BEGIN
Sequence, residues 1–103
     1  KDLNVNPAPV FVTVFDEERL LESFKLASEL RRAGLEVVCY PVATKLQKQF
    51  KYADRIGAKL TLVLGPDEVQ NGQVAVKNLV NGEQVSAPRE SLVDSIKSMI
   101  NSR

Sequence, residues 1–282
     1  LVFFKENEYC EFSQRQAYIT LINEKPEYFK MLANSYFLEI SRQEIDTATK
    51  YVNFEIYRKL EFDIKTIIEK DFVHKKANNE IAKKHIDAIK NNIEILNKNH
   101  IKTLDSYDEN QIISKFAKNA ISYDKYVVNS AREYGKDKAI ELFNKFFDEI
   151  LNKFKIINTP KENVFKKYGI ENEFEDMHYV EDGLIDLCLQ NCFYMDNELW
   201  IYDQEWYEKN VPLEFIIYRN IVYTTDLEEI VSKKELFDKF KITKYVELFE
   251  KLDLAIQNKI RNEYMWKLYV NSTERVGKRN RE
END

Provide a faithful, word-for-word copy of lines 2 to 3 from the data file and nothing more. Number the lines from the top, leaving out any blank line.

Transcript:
     1  KDLNVNPAPV FVTVFDEERL LESFKLASEL RRAGLEVVCY PVATKLQKQF
    51  KYADRIGAKL TLVLGPDEVQ NGQVAVKNLV NGEQVSAPRE SLVDSIKSMI